Tura Johnson, LMFT
May is Mental Health Awareness Month. Mental health awareness is important due to the history of stigmatization. This stigma has affected people’s ability to acknowledge their struggle with mental illness, and their ability to access needed services. The goal of this month is to reduce the stigma and provide education about mental illness and the ways it impacts people’s lives.
Some common myths about mental health are:
Mental health doesn’t affect me. The fact is that mental health problems are common. 1 in 5 people will have a mental health condition in their lifetime.
Having a mental illness means you are “crazy.” The fact is that you are not “crazy.” Having a mental illness means you have symptoms that are challenging similar to someone who has a medical other condition.
People who experience mental health symptoms will never recover. The fact is that when treated, people can live happy and meaningful lives. Mental health conditions are treatable the same as other medical conditions.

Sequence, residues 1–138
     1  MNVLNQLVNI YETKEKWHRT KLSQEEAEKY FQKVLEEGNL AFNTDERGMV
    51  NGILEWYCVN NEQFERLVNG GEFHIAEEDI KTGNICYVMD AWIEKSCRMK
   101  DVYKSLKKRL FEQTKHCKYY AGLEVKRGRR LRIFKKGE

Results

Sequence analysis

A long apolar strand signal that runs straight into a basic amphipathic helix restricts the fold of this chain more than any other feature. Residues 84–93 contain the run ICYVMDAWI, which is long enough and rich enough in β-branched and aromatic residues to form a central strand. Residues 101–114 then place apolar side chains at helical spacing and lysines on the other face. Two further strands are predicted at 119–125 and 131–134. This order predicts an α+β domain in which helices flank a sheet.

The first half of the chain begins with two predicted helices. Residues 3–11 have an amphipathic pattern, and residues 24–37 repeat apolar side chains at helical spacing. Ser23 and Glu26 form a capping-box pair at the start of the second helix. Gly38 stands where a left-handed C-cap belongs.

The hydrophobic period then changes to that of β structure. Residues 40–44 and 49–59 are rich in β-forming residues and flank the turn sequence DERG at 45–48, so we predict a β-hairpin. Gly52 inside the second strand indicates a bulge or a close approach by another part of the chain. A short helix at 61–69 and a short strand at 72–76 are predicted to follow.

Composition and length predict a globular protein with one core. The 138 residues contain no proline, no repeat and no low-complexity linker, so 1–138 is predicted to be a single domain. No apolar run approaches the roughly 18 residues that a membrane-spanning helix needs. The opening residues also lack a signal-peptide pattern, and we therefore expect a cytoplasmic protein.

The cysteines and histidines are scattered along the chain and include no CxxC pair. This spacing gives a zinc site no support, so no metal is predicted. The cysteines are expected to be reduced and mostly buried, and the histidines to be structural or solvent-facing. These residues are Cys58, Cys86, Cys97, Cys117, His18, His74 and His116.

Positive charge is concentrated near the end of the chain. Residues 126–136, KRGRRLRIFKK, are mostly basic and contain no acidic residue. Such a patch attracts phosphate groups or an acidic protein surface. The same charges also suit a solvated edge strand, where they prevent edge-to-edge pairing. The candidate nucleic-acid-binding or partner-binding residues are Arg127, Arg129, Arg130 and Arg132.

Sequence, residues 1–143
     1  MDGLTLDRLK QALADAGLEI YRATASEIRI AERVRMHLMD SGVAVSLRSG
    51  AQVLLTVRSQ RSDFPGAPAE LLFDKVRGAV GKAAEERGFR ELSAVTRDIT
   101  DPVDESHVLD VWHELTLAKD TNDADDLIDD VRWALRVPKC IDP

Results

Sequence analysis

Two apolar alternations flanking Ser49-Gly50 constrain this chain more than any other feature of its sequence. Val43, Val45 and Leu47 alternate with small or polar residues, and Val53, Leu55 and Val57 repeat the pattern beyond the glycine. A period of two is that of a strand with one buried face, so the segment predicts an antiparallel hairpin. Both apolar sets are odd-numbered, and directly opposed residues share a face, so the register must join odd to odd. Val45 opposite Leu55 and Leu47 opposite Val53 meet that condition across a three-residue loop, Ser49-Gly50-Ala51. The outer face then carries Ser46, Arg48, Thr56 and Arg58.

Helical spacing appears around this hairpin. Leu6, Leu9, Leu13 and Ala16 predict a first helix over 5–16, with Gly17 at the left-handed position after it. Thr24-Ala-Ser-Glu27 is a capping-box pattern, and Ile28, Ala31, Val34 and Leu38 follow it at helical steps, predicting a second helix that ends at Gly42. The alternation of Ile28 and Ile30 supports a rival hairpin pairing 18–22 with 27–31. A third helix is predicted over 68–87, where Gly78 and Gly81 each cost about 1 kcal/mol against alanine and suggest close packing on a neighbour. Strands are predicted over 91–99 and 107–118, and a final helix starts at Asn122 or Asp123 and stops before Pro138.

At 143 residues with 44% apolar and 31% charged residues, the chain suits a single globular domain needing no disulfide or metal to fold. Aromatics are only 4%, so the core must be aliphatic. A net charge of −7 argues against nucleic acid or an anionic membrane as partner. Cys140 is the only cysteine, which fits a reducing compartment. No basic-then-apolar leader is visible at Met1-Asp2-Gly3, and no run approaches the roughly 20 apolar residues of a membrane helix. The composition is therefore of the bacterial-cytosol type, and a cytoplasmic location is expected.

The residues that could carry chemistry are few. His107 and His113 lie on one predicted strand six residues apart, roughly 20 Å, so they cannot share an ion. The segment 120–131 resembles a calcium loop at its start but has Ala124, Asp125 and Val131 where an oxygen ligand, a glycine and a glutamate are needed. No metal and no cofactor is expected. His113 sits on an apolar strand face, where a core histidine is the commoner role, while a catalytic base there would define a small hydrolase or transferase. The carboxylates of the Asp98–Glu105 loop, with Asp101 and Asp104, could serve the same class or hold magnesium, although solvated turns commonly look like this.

Therapy is not for Black people. This myth stems from the difficulty with finding professionals who look like them or have shared community experiences. In addition, the history of mistreatment by the medical field adds to this mistrust and myth. Everyone wants to have shared experiences with their providers. If you find yourself struggling to find a provider, you can still find a provider who is trained in cultural competency.
Therapy cost too much. The fact is that access to adequate care and medical insurance are barriers to receiving services. There remains a huge disparity in access to mental health care. There are ways to access low-cost mental health services. One way is Open Path Collective. This resource can provide you access to therapists who provide services at a low reduced fee of $30-$80 per session. Another way is to ask providers for a reduced fee or sliding scale. Many providers save therapy slots
There are many more myths that contribute to the stigma of Mental Health, and people not receiving care. Mental health is real and you’re not alone. Help is available.